Now there are a few things I must cover first because I understand some will interpret this as men are trying to not be accountable and responsible for their narcissism if they are indeed a narcissist. According to the American Psychiatric Association, up to 75% of the diagnosis of narcissistic personality disorder are male. Empirical research indicates there are differences in the NPI(Narcissistic Personality Inventory) where men have higher scores than women. There is an observed gender bias clinically, theoretically, and empirically that narcissism is described as a different phenomenon in women. So the saying of it takes one to know one, may or may not fit here? Let’s see.
Males tend to lean towards grandiose narcissism. This is one of the reasons it is as easily identified in men as opposed to women. What is a little bit harder to identify is vulnerable narcissism. Women who are narcissists tend to be vulnerable narcissists. The vulnerable narcissist is thought to present themselves with shyness, hypersensitivity, and low self-esteem that obscures feelings of inadequacy, negative affect, and incompetence. Underlying this outward presentation, however, are elements of grandiose fantasies and entitled expectations (Pincus & Lukowitsky , 2010).
Interpersonally, vulnerable narcissists often rely upon the validation they receive from others to modulate self-esteem and experience greater interpersonal distress to cues of rejection and abandonment given the tenuous nature of their self-esteem ( Valashjardi & Charles, 2019). For them, having their entitled expectations unmet and experiencing disappointments are thought to often result in hostile and angry responses followed by conscious feelings of shame and depression (Besser & Priel, 2010). The traits of the vulnerable narcissist are maybe more difficult to recognize by the average person.
Let’s get to the analysis. First, we are going to look closely at the themes manifested in the analysis.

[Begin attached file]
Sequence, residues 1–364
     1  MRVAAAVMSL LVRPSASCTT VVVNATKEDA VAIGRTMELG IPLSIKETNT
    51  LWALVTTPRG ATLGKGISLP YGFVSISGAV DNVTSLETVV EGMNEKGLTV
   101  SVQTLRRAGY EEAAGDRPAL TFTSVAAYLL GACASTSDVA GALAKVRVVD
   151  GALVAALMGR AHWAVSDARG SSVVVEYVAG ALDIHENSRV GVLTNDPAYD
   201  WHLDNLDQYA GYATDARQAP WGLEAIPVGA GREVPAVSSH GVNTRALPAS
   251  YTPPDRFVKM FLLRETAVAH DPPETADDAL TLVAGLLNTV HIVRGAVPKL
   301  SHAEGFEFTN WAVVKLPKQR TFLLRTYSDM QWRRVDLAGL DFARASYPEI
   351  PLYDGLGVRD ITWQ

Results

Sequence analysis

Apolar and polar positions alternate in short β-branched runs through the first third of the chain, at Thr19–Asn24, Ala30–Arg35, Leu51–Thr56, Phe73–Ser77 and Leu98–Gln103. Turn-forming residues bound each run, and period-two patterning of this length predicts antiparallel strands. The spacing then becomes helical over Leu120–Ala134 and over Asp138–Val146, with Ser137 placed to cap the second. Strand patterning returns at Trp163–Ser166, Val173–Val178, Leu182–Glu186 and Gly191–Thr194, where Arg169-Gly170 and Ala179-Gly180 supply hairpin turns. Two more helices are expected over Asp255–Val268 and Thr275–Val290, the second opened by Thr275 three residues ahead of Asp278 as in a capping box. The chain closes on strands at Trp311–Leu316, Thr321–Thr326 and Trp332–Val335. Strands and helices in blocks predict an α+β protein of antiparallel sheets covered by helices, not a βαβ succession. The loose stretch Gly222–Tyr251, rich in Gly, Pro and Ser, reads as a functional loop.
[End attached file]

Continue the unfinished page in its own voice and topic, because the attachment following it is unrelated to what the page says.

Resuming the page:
We see here a perceived shift in outward expressions in female narcissists during the course of the relationship. Here we see several masks. This falls in line with how a narcissist treats you differently in public than in private. The following is statements from study participants:
“She was always like that perfect angel in public, happy you know, but the second she left public view, she always talked about being depressed and always the victim about something.” (Erik)
“She was quiet and almost like demure, very kind of playing the kind of soft-spoken woman in some way but there was always an underlying kind of energy of anger when she spoke to people.”
These reveal the overt narcissism that aligns vulnerable manifestations in which narcissists were initially perceived as shy, timid, hypersensitive, insecure, fearful of abandonment , depressed, and feminine.
Paradoxes in self-presentation
The results here indicate narcissism present that was perceived to function as masking an underlying state of covert grandiosity, entitlement, and exploitation. Example:
“When I first met her she came across as sexy, fun-loving but also very sensitive and emotional and very feminine and soft. And you know the sort of lady that would cry about a movie 14 about a dog getting lost. And would be very gentle and loving. You know, delicate and make me want to protect her. I found that very attractive, it’s the sort of woman that I like and as I got to know her this aggressive personality started to come out, controlling and aggressive, and very, very different from that loving woman that she portrayed to me.” (Fredrick)